I want a church where my children can sit with me during service and celebrate, without the judgement of others.  I don't want to have to explain why my daughter is humming instead of singing, or why sometimes I need to interpret words to others or explain what she is talking about.  I want my children to contribute in the service so they feel they are an integral part of their church.  I've been fortunate enough to find such a church, but to be honest, our family is the only one present with children on the autism spectrum.  The congregation loves my kids, and supports my family and encourage us in any way they can.  We have been blessed with a caring reverend who has all of my children involved in some way with the Sunday Service.  But I wonder where the rest of you families are?  And I'm not just talking families with autism, but families with young children.  I've met a few parents with young children (no diagnosis) who have chosen not to go to church because they feel their children are too young and would not last in Sunday School, nor would they sit still in the pews, disrupting service for the rest of the congregation.  How sad!  How are the kids supposed to learn if they're not exposed to the church?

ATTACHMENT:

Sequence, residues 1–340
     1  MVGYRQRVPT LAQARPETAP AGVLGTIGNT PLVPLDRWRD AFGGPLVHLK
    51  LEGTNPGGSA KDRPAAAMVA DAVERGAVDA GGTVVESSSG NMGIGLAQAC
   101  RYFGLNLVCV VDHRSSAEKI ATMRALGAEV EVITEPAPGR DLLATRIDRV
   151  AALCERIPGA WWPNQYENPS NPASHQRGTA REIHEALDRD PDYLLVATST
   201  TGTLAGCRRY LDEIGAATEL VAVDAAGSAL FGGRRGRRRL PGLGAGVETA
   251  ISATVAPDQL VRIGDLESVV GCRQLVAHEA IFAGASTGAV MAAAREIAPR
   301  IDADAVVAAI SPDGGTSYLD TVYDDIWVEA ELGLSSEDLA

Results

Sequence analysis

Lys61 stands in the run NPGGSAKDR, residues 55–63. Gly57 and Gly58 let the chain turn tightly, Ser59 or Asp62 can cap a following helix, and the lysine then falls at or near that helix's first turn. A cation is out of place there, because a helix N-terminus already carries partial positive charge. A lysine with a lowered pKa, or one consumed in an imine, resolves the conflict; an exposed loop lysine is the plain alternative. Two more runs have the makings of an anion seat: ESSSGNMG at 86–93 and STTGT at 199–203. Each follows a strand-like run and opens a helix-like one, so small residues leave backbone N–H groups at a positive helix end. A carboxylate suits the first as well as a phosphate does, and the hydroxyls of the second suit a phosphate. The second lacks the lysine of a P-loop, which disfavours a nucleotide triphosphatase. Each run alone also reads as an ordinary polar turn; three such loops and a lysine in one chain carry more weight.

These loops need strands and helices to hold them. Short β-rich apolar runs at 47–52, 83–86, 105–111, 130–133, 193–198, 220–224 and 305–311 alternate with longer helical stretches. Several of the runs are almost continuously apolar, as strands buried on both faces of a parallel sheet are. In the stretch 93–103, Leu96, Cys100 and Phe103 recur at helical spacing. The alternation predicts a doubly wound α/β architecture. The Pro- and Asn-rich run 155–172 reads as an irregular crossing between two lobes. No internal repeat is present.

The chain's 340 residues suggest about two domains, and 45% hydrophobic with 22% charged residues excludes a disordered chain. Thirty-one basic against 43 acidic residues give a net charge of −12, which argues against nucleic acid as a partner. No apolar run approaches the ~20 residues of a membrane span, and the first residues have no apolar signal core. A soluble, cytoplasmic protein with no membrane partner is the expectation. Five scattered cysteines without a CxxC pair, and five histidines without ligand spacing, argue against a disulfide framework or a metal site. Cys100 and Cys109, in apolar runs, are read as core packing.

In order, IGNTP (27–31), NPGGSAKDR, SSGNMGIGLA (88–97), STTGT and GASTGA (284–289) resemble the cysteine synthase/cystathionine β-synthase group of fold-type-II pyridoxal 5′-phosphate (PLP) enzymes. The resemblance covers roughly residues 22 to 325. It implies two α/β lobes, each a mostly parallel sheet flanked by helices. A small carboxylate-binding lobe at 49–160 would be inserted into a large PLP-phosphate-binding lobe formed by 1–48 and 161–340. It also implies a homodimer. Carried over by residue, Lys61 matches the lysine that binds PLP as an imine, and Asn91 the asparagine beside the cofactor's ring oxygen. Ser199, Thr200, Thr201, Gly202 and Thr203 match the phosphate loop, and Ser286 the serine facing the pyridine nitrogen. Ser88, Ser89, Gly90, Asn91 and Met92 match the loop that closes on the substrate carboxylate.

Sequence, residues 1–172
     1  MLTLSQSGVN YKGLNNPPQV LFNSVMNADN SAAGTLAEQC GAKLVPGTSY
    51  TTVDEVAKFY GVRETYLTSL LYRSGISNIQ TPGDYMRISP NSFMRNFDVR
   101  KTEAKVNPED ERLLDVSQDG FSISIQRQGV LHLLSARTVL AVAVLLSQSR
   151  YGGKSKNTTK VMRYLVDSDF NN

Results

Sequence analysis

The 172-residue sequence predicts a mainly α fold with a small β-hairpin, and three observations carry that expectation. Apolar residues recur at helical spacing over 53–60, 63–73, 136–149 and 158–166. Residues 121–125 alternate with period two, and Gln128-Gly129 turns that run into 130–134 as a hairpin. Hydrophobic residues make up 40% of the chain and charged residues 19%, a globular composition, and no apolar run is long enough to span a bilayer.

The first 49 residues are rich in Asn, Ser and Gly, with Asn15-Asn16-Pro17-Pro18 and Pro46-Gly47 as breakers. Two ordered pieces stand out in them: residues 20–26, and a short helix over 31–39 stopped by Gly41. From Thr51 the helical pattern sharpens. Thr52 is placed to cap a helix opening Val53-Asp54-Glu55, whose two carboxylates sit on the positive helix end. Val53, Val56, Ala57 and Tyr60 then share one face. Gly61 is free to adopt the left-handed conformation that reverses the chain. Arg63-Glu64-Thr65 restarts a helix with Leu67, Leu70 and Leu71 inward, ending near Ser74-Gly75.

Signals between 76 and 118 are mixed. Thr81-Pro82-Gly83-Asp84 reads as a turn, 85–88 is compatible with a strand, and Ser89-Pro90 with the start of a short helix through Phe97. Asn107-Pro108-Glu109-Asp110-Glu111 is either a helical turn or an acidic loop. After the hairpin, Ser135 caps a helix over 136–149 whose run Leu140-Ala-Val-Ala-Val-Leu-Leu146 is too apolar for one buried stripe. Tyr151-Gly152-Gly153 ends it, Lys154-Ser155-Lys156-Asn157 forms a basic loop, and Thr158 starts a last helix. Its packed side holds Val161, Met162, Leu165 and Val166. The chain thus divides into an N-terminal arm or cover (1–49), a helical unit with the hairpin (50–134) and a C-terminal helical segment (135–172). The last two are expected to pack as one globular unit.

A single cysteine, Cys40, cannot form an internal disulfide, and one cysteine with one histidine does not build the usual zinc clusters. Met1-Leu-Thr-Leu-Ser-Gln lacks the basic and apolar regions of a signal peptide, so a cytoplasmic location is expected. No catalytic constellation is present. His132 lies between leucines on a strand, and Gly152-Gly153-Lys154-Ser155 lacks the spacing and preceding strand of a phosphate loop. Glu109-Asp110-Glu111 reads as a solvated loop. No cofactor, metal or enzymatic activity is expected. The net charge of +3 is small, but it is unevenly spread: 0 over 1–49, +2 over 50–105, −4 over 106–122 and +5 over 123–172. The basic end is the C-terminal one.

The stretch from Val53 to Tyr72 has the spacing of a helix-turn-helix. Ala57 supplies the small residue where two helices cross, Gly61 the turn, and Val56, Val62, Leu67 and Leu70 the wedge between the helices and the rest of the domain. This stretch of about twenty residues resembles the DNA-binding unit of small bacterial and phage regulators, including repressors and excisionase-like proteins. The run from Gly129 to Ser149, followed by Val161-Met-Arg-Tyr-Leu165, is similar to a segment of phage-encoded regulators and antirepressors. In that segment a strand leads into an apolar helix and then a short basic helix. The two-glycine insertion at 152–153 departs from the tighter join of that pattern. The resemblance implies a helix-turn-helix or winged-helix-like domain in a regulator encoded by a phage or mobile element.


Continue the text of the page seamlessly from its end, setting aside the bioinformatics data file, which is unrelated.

Reverend Mark has made a decision, not just because of me, but because he sees our Autism Winnipeg PACE kids coming to Youth Group, but come Sunday they're not at church.  When he wondered why, I explained the above you've just read.  So he's made a decision.  He wants to have a special service for families with young children.  With or without disabilities.  He wants families with young children to come and have fun, not sit in pews bored out of their minds.  Without Sunday School.  This service is reserved for us clingy parents who want to celebrate our relationship with God with our kids.  The service would recognize that young people do not sit still and that they are as welcome as anyone else.  No organ, no real structure, contemporary music.  This service would last approximately 30-45 minutes or so, followed by fellowship time:  cookies and juice and maybe even a game.  If we were to hold this service on Friday evenings, we could have Youth Group right after the service!

As with anything new, Reverend Mark would need our help to start worshiping in this new and exciting way.  Here's how you can help:

- Commit to being there and engaging in the service.
- Hopefully we will start in July.  If we can start in June, so much the better.
- Share your ideas of what shape you would like to see the service take.
- Invite your friends, neighbors and family to come and be part of the service.
- Help with advertising (ex. posting on your facebook page)
- Invite musicians you know who may be willing to come and lead the music component of this Worship Service.
- If Friday evenings don't work, which evening would work best for you?

If you feel you've lost your religion, wondering if you should stay or should you go, I ask you to consider this new way of worship and come join us.  Email me for more information at or contact Reverend Mark Satterly at 204 979 0510.

Consider yourselves hugged,

Lou and family